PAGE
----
Recently, my drawings are taking two days of thought to complete. The second drawing here is no exception. This drawing from 9/25/2020 is a step toward simplicity, yet it is too simple for me to accept. Today I will go back into it. That said, look at Drawing 09·24·2020 in its state 2; it is crazy complex. Why is it difficult for me to illustrate my simple, personal identity? Am I as complex as my drawings indicate? The problem is viewer engagement. I do not wish to be obtuse, but I believe I am. My job is to get down to the basic me; I want to be naked in front of myself, naked in front of my viewers. At this point I continue to hide behind a patterned curtain so thick as to hide me from easy view. Yeah, I am behind the curtain. Am I pretending, as the Wizard of Oz pretended to be someone he is not? I know I am failing to do the one think I want to do so badly. I want to reveal myself in order to communicate honestly and purely. Guise and guile are irritating and distracting. I must stop myself!
Fascinating it is, that the struggle of my life is not a struggle for understanding and skill, but for simple and clear. It ain't easy for me to accept simplicity. Simplicity, it seems, is far more difficult to render well than complex and overwhelming. Paring down to essentials is hard work; much harder than letting loose with a spill of ideas. Ideas come easy; sorting out the relevant comes hard.
Paring down to the essential and the absolutely necessary is not an easy task. I am gonna do this. It is important because I have relied too long on complexity to overwhelm myself; distraction by tons of information comes easy to me. Within the overwhelmingness there is truth, but there is a lot of falderal as well. My job is to make truth. Truth is simple; truth is difficult to comprehend; truth is tough to depict visually. Truth is available despite the duplicity in every human effort. Self-deceit is easy; clear-eyed truth is difficult. Truth requires hard decisions. Deceit comes easily by slipping and sliding into the undemanding, the available, the comfortable, the entertaining, the sweetness that is momentary self-satisfaction. Yesterday's drawing is not the best drawing I have ever done, but it is a move in the direction toward simple truth.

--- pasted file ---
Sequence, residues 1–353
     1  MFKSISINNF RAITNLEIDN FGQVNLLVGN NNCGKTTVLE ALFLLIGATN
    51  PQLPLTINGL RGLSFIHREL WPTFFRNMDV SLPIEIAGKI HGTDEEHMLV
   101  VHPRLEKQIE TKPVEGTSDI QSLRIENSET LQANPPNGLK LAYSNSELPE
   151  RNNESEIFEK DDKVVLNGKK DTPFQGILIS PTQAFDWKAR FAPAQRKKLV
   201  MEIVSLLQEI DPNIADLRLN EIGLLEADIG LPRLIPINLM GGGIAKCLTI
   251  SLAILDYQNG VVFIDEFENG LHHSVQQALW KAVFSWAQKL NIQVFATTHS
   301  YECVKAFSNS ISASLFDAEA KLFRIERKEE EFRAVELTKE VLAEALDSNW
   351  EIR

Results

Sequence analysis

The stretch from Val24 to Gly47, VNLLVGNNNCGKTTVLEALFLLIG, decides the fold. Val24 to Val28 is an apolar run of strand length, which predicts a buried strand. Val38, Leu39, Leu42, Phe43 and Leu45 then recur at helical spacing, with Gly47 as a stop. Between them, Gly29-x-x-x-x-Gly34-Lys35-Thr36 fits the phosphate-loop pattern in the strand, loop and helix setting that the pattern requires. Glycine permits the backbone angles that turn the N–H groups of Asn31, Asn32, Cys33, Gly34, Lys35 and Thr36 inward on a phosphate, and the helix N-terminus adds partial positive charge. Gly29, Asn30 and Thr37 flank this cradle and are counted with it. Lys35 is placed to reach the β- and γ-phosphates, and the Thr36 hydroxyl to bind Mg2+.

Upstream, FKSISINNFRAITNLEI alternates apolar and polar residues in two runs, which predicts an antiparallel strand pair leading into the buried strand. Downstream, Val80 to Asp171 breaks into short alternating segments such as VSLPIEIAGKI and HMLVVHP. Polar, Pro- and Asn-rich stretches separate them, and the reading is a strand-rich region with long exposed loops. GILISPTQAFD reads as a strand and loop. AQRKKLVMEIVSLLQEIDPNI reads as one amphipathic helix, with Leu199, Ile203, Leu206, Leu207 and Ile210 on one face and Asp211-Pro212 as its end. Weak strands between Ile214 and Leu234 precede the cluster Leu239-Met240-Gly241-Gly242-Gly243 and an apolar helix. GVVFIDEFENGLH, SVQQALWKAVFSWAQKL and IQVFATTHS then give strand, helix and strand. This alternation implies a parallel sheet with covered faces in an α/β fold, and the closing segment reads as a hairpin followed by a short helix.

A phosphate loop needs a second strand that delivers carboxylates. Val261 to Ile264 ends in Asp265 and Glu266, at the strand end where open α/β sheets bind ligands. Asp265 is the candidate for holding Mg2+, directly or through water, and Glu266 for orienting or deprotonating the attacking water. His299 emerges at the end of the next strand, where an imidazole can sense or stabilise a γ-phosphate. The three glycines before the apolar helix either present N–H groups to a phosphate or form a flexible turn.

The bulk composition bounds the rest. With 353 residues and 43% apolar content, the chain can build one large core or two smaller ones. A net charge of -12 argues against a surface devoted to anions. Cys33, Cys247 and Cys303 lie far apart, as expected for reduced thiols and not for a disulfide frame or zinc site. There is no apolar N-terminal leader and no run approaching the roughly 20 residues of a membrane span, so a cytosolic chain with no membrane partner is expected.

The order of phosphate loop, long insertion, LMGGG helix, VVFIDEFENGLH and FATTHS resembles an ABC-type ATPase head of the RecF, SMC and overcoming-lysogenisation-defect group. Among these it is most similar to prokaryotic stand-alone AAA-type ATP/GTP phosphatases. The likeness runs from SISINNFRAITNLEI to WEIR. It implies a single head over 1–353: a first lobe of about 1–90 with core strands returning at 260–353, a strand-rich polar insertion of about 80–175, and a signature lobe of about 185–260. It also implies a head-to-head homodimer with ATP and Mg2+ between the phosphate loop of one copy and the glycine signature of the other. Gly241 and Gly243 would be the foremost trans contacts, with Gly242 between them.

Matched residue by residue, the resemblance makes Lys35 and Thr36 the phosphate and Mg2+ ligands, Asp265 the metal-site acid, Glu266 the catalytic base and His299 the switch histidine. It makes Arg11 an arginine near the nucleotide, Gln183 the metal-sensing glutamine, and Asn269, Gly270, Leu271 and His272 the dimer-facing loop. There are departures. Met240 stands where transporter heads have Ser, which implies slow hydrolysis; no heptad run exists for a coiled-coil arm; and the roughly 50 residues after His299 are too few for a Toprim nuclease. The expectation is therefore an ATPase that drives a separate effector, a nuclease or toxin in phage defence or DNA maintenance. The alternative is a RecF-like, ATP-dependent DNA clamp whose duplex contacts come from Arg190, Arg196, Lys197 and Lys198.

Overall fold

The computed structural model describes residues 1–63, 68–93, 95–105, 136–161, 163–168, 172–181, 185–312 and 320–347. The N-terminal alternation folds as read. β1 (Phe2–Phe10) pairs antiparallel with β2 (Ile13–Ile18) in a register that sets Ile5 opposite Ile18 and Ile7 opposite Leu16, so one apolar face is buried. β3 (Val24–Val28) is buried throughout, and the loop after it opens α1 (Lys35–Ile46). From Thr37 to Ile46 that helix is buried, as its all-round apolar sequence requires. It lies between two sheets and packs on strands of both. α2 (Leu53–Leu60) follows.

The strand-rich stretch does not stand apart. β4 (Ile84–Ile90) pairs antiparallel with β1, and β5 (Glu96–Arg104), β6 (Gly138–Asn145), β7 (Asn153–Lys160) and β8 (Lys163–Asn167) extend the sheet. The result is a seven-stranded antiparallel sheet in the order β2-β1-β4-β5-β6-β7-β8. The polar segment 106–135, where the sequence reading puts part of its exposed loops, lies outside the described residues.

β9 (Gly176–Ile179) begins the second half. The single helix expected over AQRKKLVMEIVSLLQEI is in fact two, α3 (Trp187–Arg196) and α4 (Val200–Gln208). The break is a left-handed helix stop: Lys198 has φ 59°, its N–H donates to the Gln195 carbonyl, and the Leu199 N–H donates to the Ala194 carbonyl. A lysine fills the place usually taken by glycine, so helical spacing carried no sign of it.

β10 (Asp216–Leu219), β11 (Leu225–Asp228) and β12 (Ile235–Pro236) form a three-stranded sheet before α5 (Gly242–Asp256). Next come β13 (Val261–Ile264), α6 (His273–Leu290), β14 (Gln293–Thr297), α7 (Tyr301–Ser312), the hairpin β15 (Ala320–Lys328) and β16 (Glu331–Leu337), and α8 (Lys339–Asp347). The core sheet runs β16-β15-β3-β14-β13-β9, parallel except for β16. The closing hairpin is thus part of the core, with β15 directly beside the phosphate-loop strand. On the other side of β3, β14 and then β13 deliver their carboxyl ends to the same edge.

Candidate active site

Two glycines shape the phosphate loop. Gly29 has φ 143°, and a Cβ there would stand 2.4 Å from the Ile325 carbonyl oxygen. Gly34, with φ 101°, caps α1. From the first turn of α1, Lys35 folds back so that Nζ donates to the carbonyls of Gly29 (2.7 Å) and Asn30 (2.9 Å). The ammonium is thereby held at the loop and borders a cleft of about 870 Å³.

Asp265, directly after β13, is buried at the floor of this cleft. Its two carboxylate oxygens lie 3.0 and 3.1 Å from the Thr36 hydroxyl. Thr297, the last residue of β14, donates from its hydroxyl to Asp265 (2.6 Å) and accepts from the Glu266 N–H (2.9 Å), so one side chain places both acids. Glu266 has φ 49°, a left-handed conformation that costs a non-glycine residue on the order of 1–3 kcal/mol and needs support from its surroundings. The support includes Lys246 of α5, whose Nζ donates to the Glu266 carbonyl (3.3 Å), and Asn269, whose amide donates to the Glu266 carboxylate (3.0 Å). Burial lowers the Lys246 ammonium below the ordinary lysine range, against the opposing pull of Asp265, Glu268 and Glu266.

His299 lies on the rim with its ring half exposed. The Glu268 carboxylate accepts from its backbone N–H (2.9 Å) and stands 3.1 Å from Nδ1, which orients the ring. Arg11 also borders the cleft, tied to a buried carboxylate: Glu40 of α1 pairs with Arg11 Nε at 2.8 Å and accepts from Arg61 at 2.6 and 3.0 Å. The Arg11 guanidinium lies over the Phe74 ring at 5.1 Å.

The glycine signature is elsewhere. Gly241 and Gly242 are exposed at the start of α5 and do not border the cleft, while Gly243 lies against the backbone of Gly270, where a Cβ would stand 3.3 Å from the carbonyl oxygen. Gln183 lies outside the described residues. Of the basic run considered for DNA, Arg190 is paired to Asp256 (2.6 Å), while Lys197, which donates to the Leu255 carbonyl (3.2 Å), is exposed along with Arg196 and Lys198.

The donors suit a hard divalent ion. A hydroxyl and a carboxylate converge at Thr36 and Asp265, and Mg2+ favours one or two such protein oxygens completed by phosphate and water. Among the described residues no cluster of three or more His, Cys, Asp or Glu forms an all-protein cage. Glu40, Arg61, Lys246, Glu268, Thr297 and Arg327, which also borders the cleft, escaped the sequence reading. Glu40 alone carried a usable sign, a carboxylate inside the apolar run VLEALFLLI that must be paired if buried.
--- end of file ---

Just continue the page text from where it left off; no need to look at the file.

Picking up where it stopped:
I am obviously moving toward more simple images, albeit complex in actuality. I question the ability of a fully complex image to fully engage the viewer. Today I show one answer to this question. However, the caveat is this, as with Mark Rothko, and Ellsworth Kelly, I believe initial simplicity has the ability to be extremely complex. Yesterday I showed you an excellent Mark Rothko painting; it contains just two floating rectangles; Simple? Not at all! Today I show you a painting by Ellsworth Kelly, black with a floating, flat white form; Simple? Not at all! I could live with either the Rothko or the Kelly painting for a very long time; both would endlessly speak volumes to me.
When does simplification become too much? Am I simplifying? Clarity is an act of decisiveness; Simplification is an act of divorce. That which appears simpler is often more complex. Complexity is a measure of profundity. Simplification is a measure of ease. This painting, "Your Decisions Matter", is complex; it is profound, albeit simpler in color scheme and its number and kinds of forms. Mark Rothko understood profundity; he made, to the unobservant eye, seemingly simple paintings. I leave you with a great painting by Mark Rothko.